However most secondary sources amend the town name to Bannaventa Berniae as Bannavem Taburniae is improbable Latin. His father had a country seat nearby. De Paor suggested that as a Roman official who owned a country estate, Calpornius was probably from Romanised British nobility.

     It is not known definitely where Bannaventa Berniae was located but it is likely to have been on, or very close to, the west/south-west coast of Britain which would allow Irish slavers to cross the Irish sea, land, do a quick raid and then escape over the sea without having to battle their way back to the waters edge. Muirchú confirms that Bannaventa Berniae was a place not far from the sea and that he had been informed (no sources given) that this place had become Ventre by the 7th century. Some scholars have identified the most likely Venta in the 7th century would have been Venta Silurum. This was the market town of the Silures tribe near the Severn estuary. This is now Caerwent in Gwent, in modern Wales.

     Two other location claims are based on the basis that Banna (root ban) is a Celtic word meaning bend, crook or peak[3]: Banwell in Somerset, a modern country in south-west England, and Banwen in modern Neath Port Talbot in Wales.

     Other claims for the location of Bannaventa Berniae include: Ail-Cluade (Nemethur)?, Dumbarton and Birdoswald on Hadrian’s wall.

     In 1879 Cardinal Moran claimed it was a long-standing tradition in Ireland and Scotland that St Patrick had been born in the valley of the Clyde. This does not mean that it was Bannaventa Berniae was in that valley as his father, being a Roman official, may have moved around.

     One unusual claim I came across was that Bannaventa was Boulogne-sur-Mer in Brittany, now in France. It was in a small book written by William Canon Fleming who was the rector of St Mary’s Moorfields in London. It had a typewriter written letter in the front but was old enough in 1948 for the British Library to do some repairs to it. Flemming said that Boulogne used to be called Bononia and claimed it was called Bonaven in Gaelic. He recounted a Breton folk tale which said that the Irish, having previously plundered Britain in 388, crossed the channel and captured Patrick from Boulogne.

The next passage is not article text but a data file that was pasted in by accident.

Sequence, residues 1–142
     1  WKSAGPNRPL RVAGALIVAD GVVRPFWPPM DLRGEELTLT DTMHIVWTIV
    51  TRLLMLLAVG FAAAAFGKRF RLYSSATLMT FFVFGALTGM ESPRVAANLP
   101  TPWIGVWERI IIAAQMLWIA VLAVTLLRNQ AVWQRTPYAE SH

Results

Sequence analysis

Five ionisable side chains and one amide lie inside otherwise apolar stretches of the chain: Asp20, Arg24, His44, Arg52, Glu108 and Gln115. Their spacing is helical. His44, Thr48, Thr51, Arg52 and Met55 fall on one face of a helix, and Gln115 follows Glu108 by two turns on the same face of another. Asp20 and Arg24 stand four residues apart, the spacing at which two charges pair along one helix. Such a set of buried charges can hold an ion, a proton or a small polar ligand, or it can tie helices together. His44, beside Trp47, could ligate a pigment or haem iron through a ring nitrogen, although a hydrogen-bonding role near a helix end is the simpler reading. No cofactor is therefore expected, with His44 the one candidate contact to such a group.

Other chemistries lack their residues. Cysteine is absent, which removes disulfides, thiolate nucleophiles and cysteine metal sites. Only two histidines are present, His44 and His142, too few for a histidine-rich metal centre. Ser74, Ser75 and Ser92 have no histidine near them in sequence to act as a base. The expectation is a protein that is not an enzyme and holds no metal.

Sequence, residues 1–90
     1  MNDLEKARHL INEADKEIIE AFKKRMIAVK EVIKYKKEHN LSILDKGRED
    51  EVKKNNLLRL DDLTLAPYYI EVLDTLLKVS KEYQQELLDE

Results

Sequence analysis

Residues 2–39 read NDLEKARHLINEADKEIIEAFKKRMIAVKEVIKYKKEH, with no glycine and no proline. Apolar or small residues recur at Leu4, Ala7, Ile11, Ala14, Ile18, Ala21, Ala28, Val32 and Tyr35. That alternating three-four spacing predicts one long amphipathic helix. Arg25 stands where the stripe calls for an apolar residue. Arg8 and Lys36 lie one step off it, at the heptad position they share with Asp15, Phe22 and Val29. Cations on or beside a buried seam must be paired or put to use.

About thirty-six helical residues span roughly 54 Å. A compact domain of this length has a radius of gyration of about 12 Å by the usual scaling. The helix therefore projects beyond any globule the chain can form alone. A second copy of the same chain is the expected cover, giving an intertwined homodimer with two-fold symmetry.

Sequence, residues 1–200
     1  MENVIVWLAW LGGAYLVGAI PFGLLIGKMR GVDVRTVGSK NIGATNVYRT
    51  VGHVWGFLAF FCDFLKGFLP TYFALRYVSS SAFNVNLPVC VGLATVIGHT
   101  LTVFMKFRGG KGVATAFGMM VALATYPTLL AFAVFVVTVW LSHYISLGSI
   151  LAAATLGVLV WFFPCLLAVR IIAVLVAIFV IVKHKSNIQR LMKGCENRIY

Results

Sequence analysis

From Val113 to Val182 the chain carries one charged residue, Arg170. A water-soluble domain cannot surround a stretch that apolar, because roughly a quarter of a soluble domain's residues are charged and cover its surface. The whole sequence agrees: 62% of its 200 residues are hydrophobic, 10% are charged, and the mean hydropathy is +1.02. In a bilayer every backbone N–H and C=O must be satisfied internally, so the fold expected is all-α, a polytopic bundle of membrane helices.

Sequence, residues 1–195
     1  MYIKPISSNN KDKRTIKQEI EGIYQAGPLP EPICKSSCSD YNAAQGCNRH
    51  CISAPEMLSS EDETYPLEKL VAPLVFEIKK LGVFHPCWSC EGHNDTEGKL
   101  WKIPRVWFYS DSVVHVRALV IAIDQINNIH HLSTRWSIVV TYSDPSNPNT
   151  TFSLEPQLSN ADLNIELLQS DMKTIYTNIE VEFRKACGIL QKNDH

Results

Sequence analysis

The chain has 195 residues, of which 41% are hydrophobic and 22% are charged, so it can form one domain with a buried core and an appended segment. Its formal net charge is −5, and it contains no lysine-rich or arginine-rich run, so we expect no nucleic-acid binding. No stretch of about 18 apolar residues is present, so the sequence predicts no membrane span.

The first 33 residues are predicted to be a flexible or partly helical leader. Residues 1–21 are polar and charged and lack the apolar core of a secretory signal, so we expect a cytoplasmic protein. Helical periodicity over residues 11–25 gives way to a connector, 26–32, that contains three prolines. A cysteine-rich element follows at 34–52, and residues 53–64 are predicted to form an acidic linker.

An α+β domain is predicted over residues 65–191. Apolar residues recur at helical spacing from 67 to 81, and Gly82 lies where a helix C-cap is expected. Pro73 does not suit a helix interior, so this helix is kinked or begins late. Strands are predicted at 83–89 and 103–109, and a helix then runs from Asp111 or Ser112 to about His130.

1. De Paor, Máire B., 1998, Patrick the Pilgrim Apostle of Ireland: St. Patrick’s Confessio and Epistola. Veritas Publications: Dublin.
  2. Bieler, Ludwig (edited by Richard Sharpe), 1986, Studies on the Life and Legend of St. Patrick. Variorum Reprint: London.
  3. Curran, Bob, 2007, Celtic Saints. St David’s Press: Cardiff.
  4. The death and burial of St. Patrick, , Accessed 14/03/16
  5. Ballinger, Lucy (BBC Wales), 2015, Was St Patrick, patron saint of Ireland, a Welshman? Accessed 14/03/16.
  6. Fleming, William Canon (rector of St. Mary’s, Moorfields, London), not dated – pre 1948, A Summary of Proofs that Saint Patrick, the Apostle of Ireland, was a native of Boulogne-Sur-Mer, France.
  7. Jelley, Harry, not dated but post 1996, Saint Patrick’s Somerset Birthplace. Cary Valley Historical Publications: Somerset.


[1] Bieler, pg 405

[2] The death and burial of St. Patrick,

[3] Jelley and Ballinger

By Patricia Deegan